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[Philosophical Magazine, Vol. XXXVH. pp. 98—111, 1919.]
IT is singular that the explanation of some of the most striking and beautiful of optical phenomena should be still matters of controversy. I allude to the brilliant colours displayed by many birds (e.g. hummingbirds), butterflies, and beetles, colours which vary greatly with the incidence of the light, and so cannot well be referred to the ordinary operation of dyes. In an early paper*, being occupied at the time with the remarkable coloured reflexions from certain crystals of chlorate of potash described by Stokes, and which I attributed to a periodic twinningf, I accepted, perhaps too hastily, the view generally current among naturalists that these colours were " structure-colours," more or less like those of thin plates, as in the soap-bubble. Among the supporters of this viewj in more recent times maybe especially mentioned Poulton and Hodgkinson. In Poulton's paper§ the main purpose was to examine the history of the very remarkable connexion between the metallic colours of certain pupse (especially Vanessa urticce) and the character of the light to which the larvae are exposed before pupation. In a passage describing the metallic colour itself he remarks:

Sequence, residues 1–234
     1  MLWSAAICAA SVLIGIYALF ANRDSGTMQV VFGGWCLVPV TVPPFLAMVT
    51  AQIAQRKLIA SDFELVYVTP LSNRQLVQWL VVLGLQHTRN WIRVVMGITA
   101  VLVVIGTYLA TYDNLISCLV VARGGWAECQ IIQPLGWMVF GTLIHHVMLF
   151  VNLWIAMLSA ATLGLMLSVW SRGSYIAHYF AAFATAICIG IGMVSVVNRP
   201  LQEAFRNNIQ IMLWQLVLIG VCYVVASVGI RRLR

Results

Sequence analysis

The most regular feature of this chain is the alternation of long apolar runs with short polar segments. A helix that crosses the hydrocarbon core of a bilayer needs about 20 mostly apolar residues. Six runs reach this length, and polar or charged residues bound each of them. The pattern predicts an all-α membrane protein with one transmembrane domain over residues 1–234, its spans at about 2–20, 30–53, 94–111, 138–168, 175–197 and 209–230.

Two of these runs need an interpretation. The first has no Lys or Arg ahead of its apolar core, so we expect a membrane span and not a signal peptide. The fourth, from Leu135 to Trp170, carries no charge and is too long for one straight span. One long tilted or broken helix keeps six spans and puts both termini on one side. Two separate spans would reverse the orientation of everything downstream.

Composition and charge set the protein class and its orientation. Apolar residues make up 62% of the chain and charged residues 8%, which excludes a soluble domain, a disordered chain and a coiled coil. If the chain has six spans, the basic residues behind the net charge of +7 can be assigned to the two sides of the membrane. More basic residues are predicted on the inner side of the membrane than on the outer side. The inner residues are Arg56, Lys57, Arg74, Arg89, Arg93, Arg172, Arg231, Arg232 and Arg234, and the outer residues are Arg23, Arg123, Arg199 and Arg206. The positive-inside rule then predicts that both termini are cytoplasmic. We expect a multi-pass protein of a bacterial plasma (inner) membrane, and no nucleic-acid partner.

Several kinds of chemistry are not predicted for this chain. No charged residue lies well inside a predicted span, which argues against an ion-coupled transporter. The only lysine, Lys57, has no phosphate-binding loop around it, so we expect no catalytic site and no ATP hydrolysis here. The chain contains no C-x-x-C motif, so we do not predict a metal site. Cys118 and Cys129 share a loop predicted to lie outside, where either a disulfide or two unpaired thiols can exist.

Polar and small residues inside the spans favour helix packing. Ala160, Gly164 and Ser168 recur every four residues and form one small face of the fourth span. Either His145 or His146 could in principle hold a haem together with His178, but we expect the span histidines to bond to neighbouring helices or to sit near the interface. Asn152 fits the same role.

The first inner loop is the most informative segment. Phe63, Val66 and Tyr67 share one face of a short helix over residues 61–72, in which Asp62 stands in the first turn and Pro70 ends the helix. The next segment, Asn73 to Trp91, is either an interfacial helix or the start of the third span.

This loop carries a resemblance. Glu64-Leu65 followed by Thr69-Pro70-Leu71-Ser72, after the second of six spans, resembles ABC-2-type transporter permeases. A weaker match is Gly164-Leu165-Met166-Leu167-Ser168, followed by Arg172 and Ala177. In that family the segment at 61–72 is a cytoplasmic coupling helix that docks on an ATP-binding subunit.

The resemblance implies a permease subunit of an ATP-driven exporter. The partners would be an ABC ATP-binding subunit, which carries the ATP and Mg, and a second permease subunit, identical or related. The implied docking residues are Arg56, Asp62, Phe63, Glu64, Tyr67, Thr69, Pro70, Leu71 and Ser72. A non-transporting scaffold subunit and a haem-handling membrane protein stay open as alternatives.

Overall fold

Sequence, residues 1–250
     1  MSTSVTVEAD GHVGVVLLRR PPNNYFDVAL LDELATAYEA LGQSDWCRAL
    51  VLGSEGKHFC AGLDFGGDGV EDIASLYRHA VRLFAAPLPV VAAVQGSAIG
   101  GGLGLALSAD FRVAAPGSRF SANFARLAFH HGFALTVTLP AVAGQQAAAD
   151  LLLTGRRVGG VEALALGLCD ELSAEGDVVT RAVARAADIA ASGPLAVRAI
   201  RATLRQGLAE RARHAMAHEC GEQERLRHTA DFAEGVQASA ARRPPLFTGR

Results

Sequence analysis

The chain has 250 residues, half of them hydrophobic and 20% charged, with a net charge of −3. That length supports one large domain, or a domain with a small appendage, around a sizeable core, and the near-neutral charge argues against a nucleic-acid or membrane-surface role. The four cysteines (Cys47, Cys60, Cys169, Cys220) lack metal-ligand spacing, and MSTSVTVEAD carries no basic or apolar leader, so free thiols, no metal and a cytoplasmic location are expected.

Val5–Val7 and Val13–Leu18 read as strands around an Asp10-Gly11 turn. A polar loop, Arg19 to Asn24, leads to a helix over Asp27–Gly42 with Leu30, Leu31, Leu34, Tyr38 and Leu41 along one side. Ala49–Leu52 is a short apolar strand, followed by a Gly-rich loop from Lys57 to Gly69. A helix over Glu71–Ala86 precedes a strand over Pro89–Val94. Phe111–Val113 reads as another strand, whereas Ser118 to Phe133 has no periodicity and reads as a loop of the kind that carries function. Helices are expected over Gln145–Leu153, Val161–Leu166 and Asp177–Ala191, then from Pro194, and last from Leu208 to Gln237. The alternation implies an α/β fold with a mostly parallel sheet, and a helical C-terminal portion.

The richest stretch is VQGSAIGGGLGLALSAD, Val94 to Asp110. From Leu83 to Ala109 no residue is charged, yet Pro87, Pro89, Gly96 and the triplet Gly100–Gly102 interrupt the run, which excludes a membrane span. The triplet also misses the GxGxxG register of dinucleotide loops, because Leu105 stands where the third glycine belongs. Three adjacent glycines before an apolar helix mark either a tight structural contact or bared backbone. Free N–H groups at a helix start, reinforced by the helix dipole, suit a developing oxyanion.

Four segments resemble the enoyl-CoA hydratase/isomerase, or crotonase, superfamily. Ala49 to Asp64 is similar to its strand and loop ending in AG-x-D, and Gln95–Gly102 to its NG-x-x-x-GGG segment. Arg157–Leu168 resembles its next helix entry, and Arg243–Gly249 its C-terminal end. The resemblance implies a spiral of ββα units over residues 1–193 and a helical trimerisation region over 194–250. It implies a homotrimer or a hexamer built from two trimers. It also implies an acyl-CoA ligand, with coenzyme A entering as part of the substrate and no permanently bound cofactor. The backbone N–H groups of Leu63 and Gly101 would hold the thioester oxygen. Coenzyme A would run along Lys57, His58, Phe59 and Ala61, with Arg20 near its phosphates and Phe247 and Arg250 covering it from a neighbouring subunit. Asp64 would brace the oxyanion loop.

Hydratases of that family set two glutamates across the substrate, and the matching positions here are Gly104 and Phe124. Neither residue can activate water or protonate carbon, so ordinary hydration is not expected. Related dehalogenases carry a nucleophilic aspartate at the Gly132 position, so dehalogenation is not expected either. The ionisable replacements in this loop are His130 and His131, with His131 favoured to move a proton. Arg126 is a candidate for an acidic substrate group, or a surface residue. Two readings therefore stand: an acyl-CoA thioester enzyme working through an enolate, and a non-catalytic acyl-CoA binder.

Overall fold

"The Nature of Effects Produced.—The gilded appearance is one of the most metal-like appearances in any non-metallic substance. The optical explanation has never been understood. It has, however, been long known that it depends upon the cuticle, and needs the presence of moisture, and that it can be renewed when the dry cuticle is moistened. Hence it can be preserved for any time in spirit. If a piece of dry cuticle is moistened on its upper surface the colour is not renewed, but almost instantly follows the application of spirit to the lower surface. Sections of the cuticle resemble those of Papilio' machaon described in a previous paper (Roy. Soc. Proc, Vol. XXXVIIT. p. 279, 1885), and show an upper thin layer and a lower, much
* Phil. Mag. Vol. xxiv. p. 145 (1887); Scientific Papers, Vol. in. p. 13, see footnote. t Phil. Mag. Vol. xxvi. p. 256 (1888) ; Scientific Papers, Vol. in. p. 204. £ Distinctly suggested by Hooke in his Micrographia (1665). § Roy. Soc. Proc. Vol. xjoii. p. 94 (1887).riangles FBG, DAE, and every point,     "°      D or rather every infinitely small region of given                   •Plg' 3*